and
David Schvartzman

Abstract

We propose a simulation framework that can be used to design and evaluate the performance of adaptive scanning algorithms on different phased-array weather radar designs. The simulator is proposed as tool to 1) compare the performance of different adaptive scanning algorithms on the same weather event, 2) evaluate the performance of a given adaptive scanning algorithm on several weather events, and 3) evaluate the performance of a given adaptive scanning algorithm on a given weather event using different radar designs. We illustrate the capabilities of the proposed framework to design and evaluate the performance of adaptive algorithms aimed at reducing the update time using adaptive scanning. The example concept of operations is based on a fast low-fidelity surveillance scan and a high-fidelity adaptive scan. The flexibility of the proposed simulation framework is tested using two phased-array-radar designs and three complementary adaptive scanning algorithms: focused observations, beam clustering, and dwell tailoring. Based on a significant weather event observed by an operational NEXRAD radar, our experimental results consist of radar data that were simulated as if the same event had been observed by arbitrary combinations of radar systems and adaptive scanning configurations. Results show that simulated fields of radar data capture the main data-quality impacts from the use of adaptive scanning and can be used to obtain quantitative metrics and for qualitative comparison and evaluation by forecasters. That is, the proposed simulator could provide an effective interface with meteorologists and could support the development of concepts of operations that are based on adaptive scanning to meet the evolutionary observational needs of the U.S. National Weather Service.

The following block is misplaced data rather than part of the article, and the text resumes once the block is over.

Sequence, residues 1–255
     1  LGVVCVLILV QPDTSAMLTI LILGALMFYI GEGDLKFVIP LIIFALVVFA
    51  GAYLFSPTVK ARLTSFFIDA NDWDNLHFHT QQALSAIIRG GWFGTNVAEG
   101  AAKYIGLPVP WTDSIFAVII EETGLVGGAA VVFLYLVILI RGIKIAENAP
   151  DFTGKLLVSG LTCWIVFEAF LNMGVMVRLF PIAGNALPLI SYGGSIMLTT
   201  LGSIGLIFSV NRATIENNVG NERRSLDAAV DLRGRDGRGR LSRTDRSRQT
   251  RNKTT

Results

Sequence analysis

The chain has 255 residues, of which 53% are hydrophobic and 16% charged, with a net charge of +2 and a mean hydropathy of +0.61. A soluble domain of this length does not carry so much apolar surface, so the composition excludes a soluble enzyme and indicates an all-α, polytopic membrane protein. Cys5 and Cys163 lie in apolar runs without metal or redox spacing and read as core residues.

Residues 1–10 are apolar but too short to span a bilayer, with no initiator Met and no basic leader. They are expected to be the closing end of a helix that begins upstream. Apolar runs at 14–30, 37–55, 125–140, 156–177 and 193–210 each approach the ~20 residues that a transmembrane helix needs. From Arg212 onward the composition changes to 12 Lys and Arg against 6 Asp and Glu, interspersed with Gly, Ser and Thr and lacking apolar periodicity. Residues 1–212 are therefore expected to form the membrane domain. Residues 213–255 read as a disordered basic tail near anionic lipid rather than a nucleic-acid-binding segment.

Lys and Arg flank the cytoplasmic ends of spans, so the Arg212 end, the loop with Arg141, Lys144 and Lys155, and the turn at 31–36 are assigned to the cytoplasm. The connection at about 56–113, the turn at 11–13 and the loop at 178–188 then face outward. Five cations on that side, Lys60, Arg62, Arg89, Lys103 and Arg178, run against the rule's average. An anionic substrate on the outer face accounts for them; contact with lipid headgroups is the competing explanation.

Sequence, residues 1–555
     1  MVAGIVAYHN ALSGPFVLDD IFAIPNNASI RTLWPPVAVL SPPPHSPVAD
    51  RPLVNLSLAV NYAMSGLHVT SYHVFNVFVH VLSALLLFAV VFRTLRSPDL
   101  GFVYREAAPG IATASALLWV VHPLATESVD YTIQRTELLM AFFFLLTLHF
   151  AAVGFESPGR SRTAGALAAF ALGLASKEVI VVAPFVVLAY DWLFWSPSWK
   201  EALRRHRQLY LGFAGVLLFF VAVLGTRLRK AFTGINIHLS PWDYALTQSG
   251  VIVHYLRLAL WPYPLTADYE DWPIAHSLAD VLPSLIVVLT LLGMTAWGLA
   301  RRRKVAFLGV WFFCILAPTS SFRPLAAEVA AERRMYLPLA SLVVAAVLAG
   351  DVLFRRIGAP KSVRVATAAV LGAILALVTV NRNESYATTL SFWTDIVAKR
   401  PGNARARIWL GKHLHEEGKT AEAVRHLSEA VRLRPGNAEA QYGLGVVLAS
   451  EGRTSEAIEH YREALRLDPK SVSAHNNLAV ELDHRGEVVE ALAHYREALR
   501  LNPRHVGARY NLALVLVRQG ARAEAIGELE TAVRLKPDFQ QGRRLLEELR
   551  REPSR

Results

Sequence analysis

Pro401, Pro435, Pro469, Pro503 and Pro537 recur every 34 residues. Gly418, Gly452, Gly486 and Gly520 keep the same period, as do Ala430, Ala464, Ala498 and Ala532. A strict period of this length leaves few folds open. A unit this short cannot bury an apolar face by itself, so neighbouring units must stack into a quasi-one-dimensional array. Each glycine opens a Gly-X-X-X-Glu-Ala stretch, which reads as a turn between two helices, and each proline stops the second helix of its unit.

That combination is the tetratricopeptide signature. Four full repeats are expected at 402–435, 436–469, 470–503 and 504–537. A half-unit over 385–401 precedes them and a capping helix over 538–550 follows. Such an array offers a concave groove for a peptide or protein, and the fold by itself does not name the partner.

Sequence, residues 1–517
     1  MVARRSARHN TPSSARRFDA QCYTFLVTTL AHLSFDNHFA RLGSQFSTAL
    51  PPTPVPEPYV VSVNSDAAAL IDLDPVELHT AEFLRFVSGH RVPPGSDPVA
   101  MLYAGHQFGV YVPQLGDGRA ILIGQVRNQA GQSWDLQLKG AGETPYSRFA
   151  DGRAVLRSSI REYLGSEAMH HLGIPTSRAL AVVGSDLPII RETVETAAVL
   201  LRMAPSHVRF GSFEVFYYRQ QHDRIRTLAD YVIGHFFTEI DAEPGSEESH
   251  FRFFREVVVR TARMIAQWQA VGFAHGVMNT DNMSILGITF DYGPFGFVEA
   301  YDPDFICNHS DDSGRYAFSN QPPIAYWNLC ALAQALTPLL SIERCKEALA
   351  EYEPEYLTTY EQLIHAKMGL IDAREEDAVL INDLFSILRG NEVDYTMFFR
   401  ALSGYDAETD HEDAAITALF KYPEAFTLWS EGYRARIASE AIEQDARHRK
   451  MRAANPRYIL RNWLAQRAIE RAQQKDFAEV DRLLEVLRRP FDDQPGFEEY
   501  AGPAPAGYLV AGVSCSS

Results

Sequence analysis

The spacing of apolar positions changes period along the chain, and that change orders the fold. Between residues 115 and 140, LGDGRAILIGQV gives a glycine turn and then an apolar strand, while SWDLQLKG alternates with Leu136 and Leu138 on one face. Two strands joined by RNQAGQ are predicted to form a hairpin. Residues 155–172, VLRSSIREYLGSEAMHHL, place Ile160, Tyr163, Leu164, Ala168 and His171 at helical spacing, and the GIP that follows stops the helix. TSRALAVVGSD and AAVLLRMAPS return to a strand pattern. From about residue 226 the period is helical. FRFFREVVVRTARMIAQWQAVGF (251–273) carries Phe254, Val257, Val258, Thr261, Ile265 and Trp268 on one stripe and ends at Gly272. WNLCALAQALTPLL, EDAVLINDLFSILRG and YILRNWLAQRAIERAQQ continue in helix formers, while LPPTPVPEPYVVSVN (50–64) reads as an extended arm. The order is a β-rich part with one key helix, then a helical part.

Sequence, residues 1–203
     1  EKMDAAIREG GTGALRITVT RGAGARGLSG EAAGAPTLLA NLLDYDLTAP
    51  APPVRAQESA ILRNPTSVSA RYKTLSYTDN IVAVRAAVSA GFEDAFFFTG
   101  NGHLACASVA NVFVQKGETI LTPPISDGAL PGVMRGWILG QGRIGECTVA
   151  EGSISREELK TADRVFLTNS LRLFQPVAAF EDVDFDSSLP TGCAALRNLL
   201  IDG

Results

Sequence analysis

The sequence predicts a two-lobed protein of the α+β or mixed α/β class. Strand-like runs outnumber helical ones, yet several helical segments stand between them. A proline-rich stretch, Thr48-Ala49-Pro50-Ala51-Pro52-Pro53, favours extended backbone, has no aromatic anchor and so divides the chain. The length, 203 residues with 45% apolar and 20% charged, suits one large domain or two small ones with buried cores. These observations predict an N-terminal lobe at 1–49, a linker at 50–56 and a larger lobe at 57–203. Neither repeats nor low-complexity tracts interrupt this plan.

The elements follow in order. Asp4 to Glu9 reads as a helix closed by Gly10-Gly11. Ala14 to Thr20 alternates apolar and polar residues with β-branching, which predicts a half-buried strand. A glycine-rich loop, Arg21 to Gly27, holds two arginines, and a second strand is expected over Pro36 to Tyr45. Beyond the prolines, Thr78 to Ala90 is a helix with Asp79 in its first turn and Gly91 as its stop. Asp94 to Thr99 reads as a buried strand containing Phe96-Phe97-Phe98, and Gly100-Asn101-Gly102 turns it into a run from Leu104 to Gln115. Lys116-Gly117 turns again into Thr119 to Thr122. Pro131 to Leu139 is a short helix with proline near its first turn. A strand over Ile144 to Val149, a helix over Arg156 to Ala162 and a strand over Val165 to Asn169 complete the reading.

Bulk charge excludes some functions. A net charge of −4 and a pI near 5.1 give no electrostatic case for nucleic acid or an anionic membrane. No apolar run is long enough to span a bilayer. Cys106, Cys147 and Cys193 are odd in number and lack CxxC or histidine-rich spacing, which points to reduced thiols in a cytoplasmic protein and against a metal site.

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Sebastián M. Torres
and
Christopher D. Curtis

Abstract

WSR-88D superresolution data are produced with finer range and azimuth sampling and improved azimuthal resolution as a result of a narrower effective antenna beamwidth. These characteristics afford improved detectability of weaker and more distant tornadoes by providing an enhancement of the tornadic vortex signature, which is characterized by a large low-level azimuthal Doppler velocity difference. The effective-beamwidth reduction in superresolution data is achieved by applying a tapered data window to the samples in the dwell time; thus, it comes at the expense of increased variances for all radar-variable estimates. One way to overcome this detrimental effect is through the use of range oversampling processing, which has the potential to reduce the variance of superresolution data to match that of legacy-resolution data without increasing the acquisition time. However, range-oversampling processing typically broadens the radar range weighting function and thus degrades the range resolution. In this work, simulated Doppler velocities for vortexlike fields are used to quantify the effects of range-oversampling processing on the velocity signature of tornadoes when using WSR-88D superresolution data. The analysis shows that the benefits of range-oversampling processing in terms of improved data quality should outweigh the relatively small degradation to the range resolution and thus contribute to the tornado warning decision process by improving forecaster confidence in the radar data.